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Intermittent fasting was not linked with a smaller chance of getting COVID-19, but it was linked with getting a less severe infection, according to the findings of a new study.
The study was done on men and women in Utah who were, on average, in their 60s and got COVID before vaccines were available.
Roughly 1 in 3 people in Utah fast from time to time – higher than in other states. This is partly because more than 60% of people in Utah belong to the Church of Jesus Christ of Latter-day Saints, and roughly 40% of them fast – typically skipping two meals in a row.
Those who fasted, on average, for a day a month over the past 40 years were not less likely to get COVID, but they were less likely to be hospitalized or die from the virus.
“Intermittent fasting has already shown to lower inflammation and improve cardiovascular health,” lead study author Benjamin Horne, PhD, of Intermountain Medical Center Heart Institute in Salt Lake City, said in a statement.
“In this study, we’re finding additional benefits when it comes to battling an infection of COVID-19 in patients who have been fasting for decades,” he said.
The study was published in BMJ Nutrition, Prevention & Health.
Intermittent Fasting Not a Substitute for a COVID-19 Vaccine
Importantly, intermittent fasting shouldn’t be seen as a substitute for getting a COVID vaccine, the researchers stress. Rather, periodic fasting might be a health habit to consider, since it is also linked to a lower risk of diabetes and heart disease, for example.
But anyone who wants to consider intermittent fasting should consult their doctor first, Horne stressed, especially if they are elderly, pregnant, or have diabetes, heart disease, or kidney disease.
Fasting Didn’t Prevent COVID-19 but Made It Less Severe
In their study, the team looked at data from 1,524 adults who were seen in the cardiac catheterization lab at Intermountain Medical Center Heart Institute, completed a survey, and had a test for the virus that causes COVID-19 from March 16, 2020, to Feb. 25, 2021.
Of these patients, 205 tested positive for COVID, and of these, 73 reported that they had fasted regularly at least once a month.
Similar numbers of patients got COVID-19 whether they had, or had not, fasted regularly (14%, versus 13%).
But among those who tested positive for the virus, fewer patients were hospitalized for COVID or died during the study follow-up if they had fasted regularly (11%) than if they had not fasted regularly (29%).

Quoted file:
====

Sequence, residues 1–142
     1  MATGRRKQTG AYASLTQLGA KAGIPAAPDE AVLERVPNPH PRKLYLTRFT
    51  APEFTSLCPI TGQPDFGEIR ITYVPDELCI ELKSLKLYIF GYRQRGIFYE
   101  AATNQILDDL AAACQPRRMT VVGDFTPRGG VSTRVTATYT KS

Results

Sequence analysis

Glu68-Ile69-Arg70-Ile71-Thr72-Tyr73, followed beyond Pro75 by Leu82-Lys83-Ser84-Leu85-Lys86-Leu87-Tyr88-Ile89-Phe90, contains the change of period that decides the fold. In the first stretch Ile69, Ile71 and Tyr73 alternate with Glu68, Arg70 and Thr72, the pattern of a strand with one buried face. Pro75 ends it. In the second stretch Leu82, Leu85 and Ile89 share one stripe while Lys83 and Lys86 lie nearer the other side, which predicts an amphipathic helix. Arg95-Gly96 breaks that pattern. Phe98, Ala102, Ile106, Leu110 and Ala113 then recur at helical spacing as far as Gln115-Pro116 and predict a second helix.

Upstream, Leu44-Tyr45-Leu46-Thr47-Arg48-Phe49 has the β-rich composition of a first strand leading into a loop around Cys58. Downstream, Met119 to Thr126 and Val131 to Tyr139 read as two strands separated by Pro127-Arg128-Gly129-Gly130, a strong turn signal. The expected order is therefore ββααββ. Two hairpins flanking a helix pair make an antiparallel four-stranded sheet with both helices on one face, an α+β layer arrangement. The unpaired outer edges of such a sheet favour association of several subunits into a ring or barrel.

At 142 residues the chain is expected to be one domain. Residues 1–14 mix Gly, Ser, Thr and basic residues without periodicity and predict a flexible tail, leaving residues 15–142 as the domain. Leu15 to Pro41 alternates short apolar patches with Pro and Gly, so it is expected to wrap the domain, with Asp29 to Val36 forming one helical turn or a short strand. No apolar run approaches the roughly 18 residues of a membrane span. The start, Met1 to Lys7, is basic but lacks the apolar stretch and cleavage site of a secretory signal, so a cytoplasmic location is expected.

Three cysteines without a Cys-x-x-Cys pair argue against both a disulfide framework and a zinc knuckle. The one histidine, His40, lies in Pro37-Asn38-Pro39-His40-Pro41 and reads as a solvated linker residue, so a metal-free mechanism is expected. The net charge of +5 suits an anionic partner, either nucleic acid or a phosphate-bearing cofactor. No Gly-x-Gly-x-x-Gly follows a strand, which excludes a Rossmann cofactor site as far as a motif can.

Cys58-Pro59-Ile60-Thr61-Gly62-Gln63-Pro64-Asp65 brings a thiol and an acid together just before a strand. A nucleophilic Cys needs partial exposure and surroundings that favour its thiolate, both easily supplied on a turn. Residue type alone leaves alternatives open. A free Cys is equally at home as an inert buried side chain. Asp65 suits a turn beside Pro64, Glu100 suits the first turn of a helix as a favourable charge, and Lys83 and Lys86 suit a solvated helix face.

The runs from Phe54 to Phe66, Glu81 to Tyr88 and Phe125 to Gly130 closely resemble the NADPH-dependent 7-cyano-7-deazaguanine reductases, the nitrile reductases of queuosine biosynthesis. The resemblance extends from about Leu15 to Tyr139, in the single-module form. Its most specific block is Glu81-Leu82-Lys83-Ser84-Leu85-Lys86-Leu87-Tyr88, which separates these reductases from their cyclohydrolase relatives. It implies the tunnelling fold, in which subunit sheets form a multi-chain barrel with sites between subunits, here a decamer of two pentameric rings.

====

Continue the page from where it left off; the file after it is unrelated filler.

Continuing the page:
Even when the analyses were adjusted for age, smoking, alcohol use, ethnicity, history of heart disease, and other factors, periodic fasting was still an independent predictor of a lower risk of hospitalization or death.
Several things may explain the findings, the researchers suggest.
A loss of appetite is a typical response to infection, they note.
Fasting reduces inflammation, and after 12 to 14 hours of fasting, the body switches from using glucose in the blood to using ketones, including linoleic acid.
“There’s a pocket on the surface of SARS-CoV-2 that linoleic acid fits into – and can make the virus less able to attach to other cells,” Horne said.
Intermittent fasting also promotes autophagy, he noted, which is “the body’s recycling system that helps your body destroy and recycle damaged and infected cells.”
The researchers conclude that intermittent fasting plans should be investigated in further research “as a complementary therapy to vaccines to reduce COVID-19 severity, both during the pandemic and post pandemic, since repeat vaccinations cannot be performed every few months indefinitely for the entire world and vaccine access is limited in many nations.”
Intermountain Healthcare: “New Intermountain Healthcare Study Finds People Who Practice Intermittent Fasting Experience Less Severe Complications from COVID-19.”
BMJ Nutrition, Prevention & Health: “Association of periodic fasting with lower severity of COVID-19 outcomes in the SARS-CoV-2 prevaccine era: an observational cohort from the INSPIRE registry”
Intermountain Healthcare Biological Samples Collection Project and Investigational Registry (INSPIRE).
This content was originally published here.